Advice for Writing Rater Overall Performance NCOER Bullets
Tips, techniques, and professional advice for writing Rater Overall Performance bullets on the DA Form 2166-9-1 or DA Form 2166-9-2
Since the inception of the new evaluation system, I have had several e-mails form my visitors asking for advice on writing Rater Overall Performance bullets on the DA 2166-9-1 and DA 2166-9-2. On this page, I will offer my guidance for writing these bullets as well as address several very important related topics which every rater should consider.
First, it’s extremely important to remember that under the new evaluation system, the functions of the rater and senior rater are clearly delineated: the rater focuses exclusively on performance, and the senior rater focuses on potential. HQ DA takes this delineation very seriously. I recently watched an HRC video addressing the top five reasons that NCOERs are being returned for correction, and potential remarks in the rater’s comments was number two on that list!
Next, in my opinion, the Rater Overall Performance bullets should be brief and to-the-point. These bullets should not be specific to any one area, but rate your NCOER’s overall performance as it relates to not only the other NCOs of the same grade that you may rate, but also to other NCOs that you have rated throughout your career. If you are writing a report for the first time, then use your personal experience as a guidepost in writing your Rater Overall Performance bullets.
Below I have included a series of example bullets for each performance category. Notice how the strength of the bullets diminishes as you go down the list. Regardless of how you decide to rate your NCO, ensure your bullets support the rating.
Far Exceeded Standard
- clearly the best performer out of the five Staff Sergeants I rate
- demonstrated capability of handling multiple crises situations often performing at next higher rank
- outstanding performance in all respects; visibly performed above high expectations and standards
- performed duties in an outstanding manner
- accomplished any tasks assigned; continuously demonstrated a high level of achieving excellent results
- very capable NCO who can always be trusted to accomplish the mission on time and above standard
- always available to train and mentor Soldiers
- sold performer dedicated to mission accomplish
- committed to the unit, his Soldiers, and the Army
Did Not Meet Standard
- lowest performing NCO of the section
- routinely failed to accomplish missions without constant supervision
- performance was not indicative of an NCO of his current rank
Bad Bullets – DO NOT USE
- assign to positions of increased responsibility; this NCO is a future Sergeant Major
What’s wrong with this bullet? It addresses potential, not performance. As a guide, always focus on how the NCO performed over the rating period, i.e. what he did, and how he did it. A recommendation for promotion, or NCOES attendance addresses potential. Additionally, you should not address how an NCO performed at a school as this is considered nonrated time, and the Soldier's performance is already documented on DA FORM 1059. Finally, you may state that an NCO performed above this grade (o served competently for over 6-months as NCOIC; a SFC postion), but not recommend the NCO for promotion (o promote to SFC now, can easily complete missions above his grade).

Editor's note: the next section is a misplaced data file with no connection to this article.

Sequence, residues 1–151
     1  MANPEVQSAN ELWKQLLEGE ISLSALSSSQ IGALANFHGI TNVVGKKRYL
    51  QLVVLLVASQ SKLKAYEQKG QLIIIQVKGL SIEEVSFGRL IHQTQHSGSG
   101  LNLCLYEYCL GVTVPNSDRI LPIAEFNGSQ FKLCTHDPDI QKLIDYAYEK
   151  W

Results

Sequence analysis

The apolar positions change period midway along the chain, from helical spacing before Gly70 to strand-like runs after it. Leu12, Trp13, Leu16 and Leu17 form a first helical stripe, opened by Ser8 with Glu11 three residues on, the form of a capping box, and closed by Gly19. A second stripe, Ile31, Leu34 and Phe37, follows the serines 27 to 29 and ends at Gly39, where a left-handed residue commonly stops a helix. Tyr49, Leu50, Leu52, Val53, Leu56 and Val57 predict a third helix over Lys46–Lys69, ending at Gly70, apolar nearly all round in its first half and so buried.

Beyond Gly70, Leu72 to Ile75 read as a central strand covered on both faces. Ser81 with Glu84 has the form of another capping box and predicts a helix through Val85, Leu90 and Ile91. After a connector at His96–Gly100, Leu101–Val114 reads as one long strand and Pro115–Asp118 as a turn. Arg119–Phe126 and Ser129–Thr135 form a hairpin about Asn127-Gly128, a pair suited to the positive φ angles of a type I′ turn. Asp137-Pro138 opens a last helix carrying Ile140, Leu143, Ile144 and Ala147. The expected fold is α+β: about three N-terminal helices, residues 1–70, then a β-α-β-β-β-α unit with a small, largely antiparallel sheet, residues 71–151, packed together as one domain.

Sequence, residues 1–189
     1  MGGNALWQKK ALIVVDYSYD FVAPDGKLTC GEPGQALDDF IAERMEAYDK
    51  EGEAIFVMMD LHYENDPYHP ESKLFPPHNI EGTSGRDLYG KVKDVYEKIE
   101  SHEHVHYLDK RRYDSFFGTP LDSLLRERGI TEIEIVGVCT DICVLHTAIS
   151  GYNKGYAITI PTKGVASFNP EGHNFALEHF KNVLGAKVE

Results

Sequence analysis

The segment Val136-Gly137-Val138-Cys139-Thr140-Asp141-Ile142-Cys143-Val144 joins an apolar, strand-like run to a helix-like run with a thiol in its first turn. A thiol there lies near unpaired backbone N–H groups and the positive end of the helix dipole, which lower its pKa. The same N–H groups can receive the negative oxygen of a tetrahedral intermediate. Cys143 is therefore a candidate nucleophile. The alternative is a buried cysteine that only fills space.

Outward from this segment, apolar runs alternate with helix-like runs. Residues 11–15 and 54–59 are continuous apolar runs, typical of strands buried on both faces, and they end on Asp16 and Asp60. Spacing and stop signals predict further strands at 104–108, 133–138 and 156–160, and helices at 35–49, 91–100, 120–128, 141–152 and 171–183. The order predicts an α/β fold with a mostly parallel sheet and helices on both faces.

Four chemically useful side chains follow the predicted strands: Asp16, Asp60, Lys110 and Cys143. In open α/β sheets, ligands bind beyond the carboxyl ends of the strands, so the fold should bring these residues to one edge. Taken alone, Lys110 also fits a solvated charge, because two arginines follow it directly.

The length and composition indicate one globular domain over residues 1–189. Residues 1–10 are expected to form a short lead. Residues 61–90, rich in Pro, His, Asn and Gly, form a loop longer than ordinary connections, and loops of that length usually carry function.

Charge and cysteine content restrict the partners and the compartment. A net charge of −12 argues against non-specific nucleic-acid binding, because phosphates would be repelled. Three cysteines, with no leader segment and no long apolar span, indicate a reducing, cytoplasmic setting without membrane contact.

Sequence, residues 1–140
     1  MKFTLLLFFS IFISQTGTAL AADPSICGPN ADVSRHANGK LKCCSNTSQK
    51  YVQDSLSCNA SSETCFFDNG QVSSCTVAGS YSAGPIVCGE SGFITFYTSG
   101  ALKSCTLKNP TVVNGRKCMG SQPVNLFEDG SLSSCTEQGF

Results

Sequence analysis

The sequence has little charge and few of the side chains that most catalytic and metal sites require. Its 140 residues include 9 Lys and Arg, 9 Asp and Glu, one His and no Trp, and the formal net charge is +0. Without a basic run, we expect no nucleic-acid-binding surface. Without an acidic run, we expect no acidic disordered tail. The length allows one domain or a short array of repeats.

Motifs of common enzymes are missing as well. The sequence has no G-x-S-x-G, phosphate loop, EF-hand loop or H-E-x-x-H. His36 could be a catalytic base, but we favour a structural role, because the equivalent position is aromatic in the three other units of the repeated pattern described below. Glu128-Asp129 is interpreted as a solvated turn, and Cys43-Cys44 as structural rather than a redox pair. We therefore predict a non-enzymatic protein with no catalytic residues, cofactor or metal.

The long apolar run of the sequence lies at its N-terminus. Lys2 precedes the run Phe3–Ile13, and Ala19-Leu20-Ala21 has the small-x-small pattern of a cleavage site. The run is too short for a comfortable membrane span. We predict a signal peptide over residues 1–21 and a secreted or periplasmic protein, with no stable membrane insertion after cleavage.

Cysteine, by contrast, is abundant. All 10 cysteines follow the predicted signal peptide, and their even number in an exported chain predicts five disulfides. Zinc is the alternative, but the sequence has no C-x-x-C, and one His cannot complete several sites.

- top performing SSG in a company of 30 SSGs
What’s wrong with this bullet? It’s unrealistic and exaggerated. You’re not in position to make that claim, unless of course, you happen to rate all 30 SSGs in your company, and have direct knowledge of their performance. Limit your evaluation to those NCOs of whom you have direct knowledge or have had direct knowledge (o performance was clearly in the top 5% of SSGs that I have rated throughout my career).
As a final bit of advice, be aware that as the rater your overall performance evaluation is unconstrained—meaning you may evaluate the NCOs you rate any way you see fit; however, remember that your rater tendency will be published on each report as it’s processed by HRC. If all the NCOs that you rate are evaluated as Far Exceeded Standard or Exceeded Standard, your rating integrity and credibility may come into question. If the board members feel your rating integrity is questionable, this could negatively impact those NCOs whom you rate who are truly deserving of a Far Exceeded Standards report.
Remember that Met the Standard is the norm, and reserve your Far Exceeded Standard evaluations to those truly deserving. On average, out of all reports that you write from now until you leave the service, only about 33% should be Exceeded Standard, and of those reports, only about 33% should be Far Exceeded Standard. In my opinion, a solid Met Standard/Highly Qualified Report is much better for all parties involved than an Exceeded Standard/Highly Qualified report in which the rater’s integrity is in dispute. If you’re an inexperienced rater, take the process seriously, get advice and guidance from your NCO Support Chain and/or Chain of Command, and above all, render your reports fairly and accurately to ensure you are always perceived as an honest and credible rater.